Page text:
East Carolina coach Skip Holtz knew it had been a while since the Pirates had accomplished something that left jaws dropping from coast to coast.
East Carolina beat Boise State 41-38 in the Hawaii Bowl at the end of the 2007 season, but even that victory didn't garner the same attention as the upset of a nationally ranked opponent from a BCS conference.
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Skip Holtz has rebuilt the Pirates in his fourth season at East Carolina.
The Pirates finally did that Saturday, upsetting No. 17 Virginia Tech 27-22 at Bank of America Stadium in Charlotte. After falling behind 22-13 on the first play of the fourth quarter, East Carolina won the game when T.J. Lee blocked a punt and ran 27 yards for the winning touchdown with 1:52 to play.
"It's only one game, but it goes a long way in what we're trying to do and build at East Carolina," said Holtz, who received a three-year contract extension from the school last week. "I think it's definitely a step in the right direction."
The Pirates can take another huge step on Saturday when they host No. 8 West Virginia at Dowdy-Ficklen Stadium in Greenville, N.C. It's a rare home game for East Carolina against a nationally ranked opponent.
"I'm sure the fear of getting your brains beat in is a huge motivation for our guys," Holtz said. "We have their attention, but you've still got to play on Saturday. It's going to be extremely difficult to play with the same amount of emotion in back-to-back games. I think West Virginia will be a very emotional game."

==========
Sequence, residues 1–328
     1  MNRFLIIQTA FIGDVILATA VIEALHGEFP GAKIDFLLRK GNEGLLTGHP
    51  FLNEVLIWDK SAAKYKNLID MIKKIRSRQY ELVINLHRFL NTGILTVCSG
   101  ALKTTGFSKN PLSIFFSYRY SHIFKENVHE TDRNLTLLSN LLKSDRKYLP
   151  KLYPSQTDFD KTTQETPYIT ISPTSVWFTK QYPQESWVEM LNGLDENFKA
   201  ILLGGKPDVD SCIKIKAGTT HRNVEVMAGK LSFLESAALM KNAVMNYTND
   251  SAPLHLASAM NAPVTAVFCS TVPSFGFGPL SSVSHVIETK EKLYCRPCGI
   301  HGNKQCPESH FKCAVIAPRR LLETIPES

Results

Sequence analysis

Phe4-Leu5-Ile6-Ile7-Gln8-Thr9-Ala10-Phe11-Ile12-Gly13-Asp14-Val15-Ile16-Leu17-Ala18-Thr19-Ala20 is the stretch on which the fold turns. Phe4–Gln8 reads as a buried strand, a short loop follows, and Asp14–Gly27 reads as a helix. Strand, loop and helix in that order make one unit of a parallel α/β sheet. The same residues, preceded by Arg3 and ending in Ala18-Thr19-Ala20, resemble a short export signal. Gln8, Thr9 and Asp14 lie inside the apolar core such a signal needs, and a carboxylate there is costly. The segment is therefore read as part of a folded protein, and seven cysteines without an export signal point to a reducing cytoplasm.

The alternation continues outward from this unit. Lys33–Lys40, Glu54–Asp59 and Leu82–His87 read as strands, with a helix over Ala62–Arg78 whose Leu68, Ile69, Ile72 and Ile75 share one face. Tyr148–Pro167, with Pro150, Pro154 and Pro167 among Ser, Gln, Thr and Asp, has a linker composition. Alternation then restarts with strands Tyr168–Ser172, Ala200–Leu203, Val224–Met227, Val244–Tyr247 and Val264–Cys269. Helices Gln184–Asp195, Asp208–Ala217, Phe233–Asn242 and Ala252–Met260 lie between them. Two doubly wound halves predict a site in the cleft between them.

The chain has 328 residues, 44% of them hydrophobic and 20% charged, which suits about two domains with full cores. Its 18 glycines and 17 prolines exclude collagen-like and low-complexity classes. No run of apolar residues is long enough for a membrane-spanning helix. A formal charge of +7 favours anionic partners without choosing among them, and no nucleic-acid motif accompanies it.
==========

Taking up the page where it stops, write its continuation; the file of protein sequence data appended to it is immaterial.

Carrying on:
It's been nearly a decade since East Carolina last found itself in this kind of spotlight. In 1999, the Pirates upset West Virginia, South Carolina, Miami and NC State. East Carolina beat the Hurricanes 27-23 at Carter-Finley Stadium in Raleigh, N.C., only days after Hurricane Floyd caused severe flooding at its campus.
Holtz, the son of former Notre Dame coach Lou Holtz, inherited a program that hadn't had consecutive winning seasons since 1999 and 2000. East Carolina climbed from 5-6 in 2005 to 7-6 in 2006 and 8-5 last season.
Holtz believes his team will compete for a Conference USA championship even after losing star running back Chris Johnson, who had 2,960 all-purpose yards last season.
"Winning a conference championship is something that has eluded us the last couple of seasons," Holtz said. "We've been close, but didn't get it done at the end of the season."
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Patrick Pinkney rebounded after a slow start to lead the Pirates.
But Pinkney's gaffe helped put the Pirates in a 14-0 hole in the first half. Early in the first quarter, he tried to zip a lateral to receiver Dwayne Harris. Pinkney's pitch was fumbled away and picked up by Virginia Tech cornerback Stephan Virgil, who ran 30 yards for a touchdown.